Heatmap for the patent landscape (above) shows the concentration of patent filings in a given component and technology cluster. It is clear that blade manufacturing, controls for frequency and voltage regulation, aero performance, and generator efficiency have been some of the most heavily patented areas. This correlates to the historical cost of energy reductions seen in the industry.
Ranking companies by the quality of their patents
IP Analyzer also allows for industry and competitor benchmarking with an array of metrics delivered through information dashboards. Comparison of the innovation efforts of the top 10 IP holders in the industry reveals important trends. Over half of the patents on technologies developed and used in the industry are held by the top 10 companies, but they also control over 75% of the patents on widely used technologies identified by the orange and red coding. This increases the potential liability exposure for competitors to those in the top 10.
Technology maturity based assessment
The software analyzes the total landscape to reveal industry and competitor benchmarking shown in easy-to-read charts. This provides comprehensive information and immediate visualization of important factors which differentiate one company’s technology capabilities from another. For example, in Ranking the companies by the quality of their patents, of the top 10, Chinese manufacturer Guodian United Power holds no high value patents (red column) but is still fourth in wind patent asset ownership.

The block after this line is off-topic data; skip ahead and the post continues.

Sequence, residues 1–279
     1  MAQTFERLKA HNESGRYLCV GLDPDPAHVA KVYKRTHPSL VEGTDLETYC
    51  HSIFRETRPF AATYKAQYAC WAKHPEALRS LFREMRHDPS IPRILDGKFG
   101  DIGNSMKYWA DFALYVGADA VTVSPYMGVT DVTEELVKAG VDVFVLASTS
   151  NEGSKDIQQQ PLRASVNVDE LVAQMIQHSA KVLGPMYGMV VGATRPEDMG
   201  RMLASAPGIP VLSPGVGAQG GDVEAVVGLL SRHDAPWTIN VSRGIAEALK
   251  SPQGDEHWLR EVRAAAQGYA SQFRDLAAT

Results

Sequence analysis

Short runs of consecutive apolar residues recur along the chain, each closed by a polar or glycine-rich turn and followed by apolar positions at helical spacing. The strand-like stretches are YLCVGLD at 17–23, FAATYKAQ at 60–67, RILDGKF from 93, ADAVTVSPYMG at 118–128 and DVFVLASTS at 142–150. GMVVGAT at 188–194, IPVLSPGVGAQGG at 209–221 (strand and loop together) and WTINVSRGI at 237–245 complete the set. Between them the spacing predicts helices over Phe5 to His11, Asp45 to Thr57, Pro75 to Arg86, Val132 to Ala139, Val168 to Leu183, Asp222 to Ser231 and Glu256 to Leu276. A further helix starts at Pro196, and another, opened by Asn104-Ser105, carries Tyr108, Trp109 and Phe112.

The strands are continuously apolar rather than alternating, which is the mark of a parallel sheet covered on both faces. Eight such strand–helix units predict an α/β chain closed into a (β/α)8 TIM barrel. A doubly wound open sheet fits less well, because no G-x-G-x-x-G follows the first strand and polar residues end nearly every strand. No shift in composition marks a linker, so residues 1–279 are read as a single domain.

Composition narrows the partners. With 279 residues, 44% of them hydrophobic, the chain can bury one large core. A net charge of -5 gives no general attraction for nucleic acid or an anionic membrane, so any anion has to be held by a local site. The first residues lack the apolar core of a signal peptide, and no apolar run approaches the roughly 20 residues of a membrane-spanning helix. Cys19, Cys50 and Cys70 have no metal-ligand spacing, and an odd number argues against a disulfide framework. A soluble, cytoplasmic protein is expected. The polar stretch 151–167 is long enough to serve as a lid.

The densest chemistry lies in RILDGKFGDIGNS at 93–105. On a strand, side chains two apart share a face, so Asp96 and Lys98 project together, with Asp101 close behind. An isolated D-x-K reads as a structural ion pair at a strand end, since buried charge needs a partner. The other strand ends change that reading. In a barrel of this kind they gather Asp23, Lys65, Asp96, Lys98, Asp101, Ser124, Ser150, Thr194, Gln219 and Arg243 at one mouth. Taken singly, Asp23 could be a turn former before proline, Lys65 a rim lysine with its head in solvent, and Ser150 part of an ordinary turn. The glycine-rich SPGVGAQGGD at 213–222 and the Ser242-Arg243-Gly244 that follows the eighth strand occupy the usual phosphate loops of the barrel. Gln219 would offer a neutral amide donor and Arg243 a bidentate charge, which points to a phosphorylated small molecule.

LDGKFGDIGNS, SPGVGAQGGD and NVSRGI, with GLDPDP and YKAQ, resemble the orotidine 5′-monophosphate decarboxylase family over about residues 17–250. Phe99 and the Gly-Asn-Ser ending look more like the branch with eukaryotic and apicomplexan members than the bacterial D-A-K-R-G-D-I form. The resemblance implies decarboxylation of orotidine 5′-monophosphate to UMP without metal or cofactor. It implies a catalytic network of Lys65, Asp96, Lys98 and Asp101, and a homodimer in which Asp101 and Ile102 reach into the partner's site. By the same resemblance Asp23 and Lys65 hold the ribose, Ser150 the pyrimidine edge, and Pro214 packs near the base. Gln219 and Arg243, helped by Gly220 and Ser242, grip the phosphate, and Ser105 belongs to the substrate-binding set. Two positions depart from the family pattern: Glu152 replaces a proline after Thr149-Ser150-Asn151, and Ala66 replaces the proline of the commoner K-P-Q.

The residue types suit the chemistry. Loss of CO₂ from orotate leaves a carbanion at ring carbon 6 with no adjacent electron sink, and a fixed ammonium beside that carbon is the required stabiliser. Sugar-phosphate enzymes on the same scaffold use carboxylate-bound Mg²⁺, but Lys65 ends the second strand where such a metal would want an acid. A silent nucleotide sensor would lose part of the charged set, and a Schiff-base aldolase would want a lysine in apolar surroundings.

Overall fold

Through tracking of a Technology Readiness Level, IP Analyzer determines the extent to which a competitor is using its own patented innovations. Many companies have cultivated a patent portfolio full of ideas they never intend to use, as well as many innovations which are impractical to use.
IP Analyzer can determine the extent to which the commercialization of a specific technology has taken place, what was the non-recurring engineering cost associated with technology development, as well as predict the CapEx, OpEx and performance benefit which the individual technology brings to bear.